Saturday, March 24, 2012

TV Times

This is so true!
In 1990 we had five channels and a huge we have hundreds of channels a tv that you can carry under your arm!
Maybe it is time to curb all the crazy digital channels available now. I can't believe how many times I try to find a channel that has someting watchable on it. So much rubbish and OMG! how many commercials do we have to watch. I must admit that I simply don't watch television unless it has a good programme or film that I want to watch without the commercials!
When will it end!
Now, how about this...
Today my daughter had Sky installed in her house. She so pleased to have it at last! Fantastic efficiency from Sky, all documents arrived, engineer rang to confirm times, fully installed and working fine!
Then, the same day at teatime she gets a knock at the's the Television Licencing Officer. "Your TV licence ran out 2 weeks ago" said the man. Then under caution proceeds to 'book' her for not having a licence. "I only had Sky fitted today" says my daughter. "Can you prove it?" he says while writing down what channel she is watching at the moment and whether he can see a digibox anywhere.
How crazy is this?
No gentle reminder, no letter through the post, no phone call or text message, but a 'baliff' at the door just 6 hours after having Sky installed. This is obviously because Sky informed the Television Licencing prior to installing and the Licencing Department seeing an opportunity to jump on a 'licence dodger' My daugher always pays her licence monthly and was up to date, but March was the end of the licencing year and they had not reminded her to renew her Direct Debit.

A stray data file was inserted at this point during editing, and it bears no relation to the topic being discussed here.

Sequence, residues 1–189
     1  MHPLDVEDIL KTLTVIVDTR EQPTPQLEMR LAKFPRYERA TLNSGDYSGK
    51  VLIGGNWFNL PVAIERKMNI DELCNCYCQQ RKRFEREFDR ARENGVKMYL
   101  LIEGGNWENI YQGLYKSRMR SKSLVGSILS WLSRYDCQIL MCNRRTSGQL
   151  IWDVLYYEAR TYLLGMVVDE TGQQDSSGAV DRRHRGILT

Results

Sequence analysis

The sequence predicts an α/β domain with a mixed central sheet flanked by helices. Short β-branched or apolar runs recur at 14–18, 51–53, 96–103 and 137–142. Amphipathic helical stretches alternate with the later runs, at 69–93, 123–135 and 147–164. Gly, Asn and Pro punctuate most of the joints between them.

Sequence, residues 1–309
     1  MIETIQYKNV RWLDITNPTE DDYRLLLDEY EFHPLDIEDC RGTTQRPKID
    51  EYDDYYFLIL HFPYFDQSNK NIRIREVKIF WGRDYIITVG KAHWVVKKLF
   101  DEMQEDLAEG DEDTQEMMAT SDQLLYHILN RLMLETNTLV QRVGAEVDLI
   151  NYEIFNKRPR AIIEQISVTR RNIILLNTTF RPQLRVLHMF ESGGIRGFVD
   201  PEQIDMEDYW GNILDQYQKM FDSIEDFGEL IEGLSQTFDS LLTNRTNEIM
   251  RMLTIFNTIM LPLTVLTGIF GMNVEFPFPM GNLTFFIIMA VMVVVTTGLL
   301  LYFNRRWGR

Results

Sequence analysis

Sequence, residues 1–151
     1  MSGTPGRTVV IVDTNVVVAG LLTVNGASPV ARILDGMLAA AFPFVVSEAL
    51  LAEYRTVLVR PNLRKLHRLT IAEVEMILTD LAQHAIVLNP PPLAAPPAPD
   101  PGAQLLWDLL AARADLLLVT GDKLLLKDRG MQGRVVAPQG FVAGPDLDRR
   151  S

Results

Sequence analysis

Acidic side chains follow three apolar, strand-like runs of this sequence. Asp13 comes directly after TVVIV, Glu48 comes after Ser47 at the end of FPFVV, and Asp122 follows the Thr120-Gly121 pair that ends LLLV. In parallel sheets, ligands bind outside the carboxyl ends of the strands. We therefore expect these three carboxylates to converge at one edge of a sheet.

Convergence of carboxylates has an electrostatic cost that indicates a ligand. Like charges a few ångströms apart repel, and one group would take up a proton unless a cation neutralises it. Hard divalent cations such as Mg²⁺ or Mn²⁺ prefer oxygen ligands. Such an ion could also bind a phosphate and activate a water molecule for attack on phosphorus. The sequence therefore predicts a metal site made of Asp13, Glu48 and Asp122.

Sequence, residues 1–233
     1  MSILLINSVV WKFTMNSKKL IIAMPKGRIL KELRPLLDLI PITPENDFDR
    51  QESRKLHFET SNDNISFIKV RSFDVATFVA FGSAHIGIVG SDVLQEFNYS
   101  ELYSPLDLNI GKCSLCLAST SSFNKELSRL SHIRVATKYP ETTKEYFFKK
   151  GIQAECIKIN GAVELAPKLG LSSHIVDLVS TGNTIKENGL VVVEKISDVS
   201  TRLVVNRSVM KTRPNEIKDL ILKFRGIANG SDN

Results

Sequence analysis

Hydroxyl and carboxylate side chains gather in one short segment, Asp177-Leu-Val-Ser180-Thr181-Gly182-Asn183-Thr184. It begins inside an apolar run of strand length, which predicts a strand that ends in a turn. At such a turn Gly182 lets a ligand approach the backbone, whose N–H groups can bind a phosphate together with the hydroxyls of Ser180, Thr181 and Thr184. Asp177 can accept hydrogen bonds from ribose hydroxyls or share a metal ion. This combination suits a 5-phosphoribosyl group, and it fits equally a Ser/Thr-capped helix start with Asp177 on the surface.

Technological efficiency at it's gutter level!
Why don't they go back to the old analogue days and find the real 'licence dodgers' with help from their 'TV Detector Vans'. It don't work with digital anyway!

Saturday, March 17, 2012

Auriol Weather Station

For a long time I wanted a wireless weather station with outside wind and rain sensors. I have a 'simple' weather monitor from Maplin in my room that I was given as Christmas present. I looked at the price of the complete weather stations, but they are quite expensive, then I was told about the Auriol weather stations sold at Lidl before Christmas. Too late now! Would have to wait ages until Lidl get around to put some more into the stores.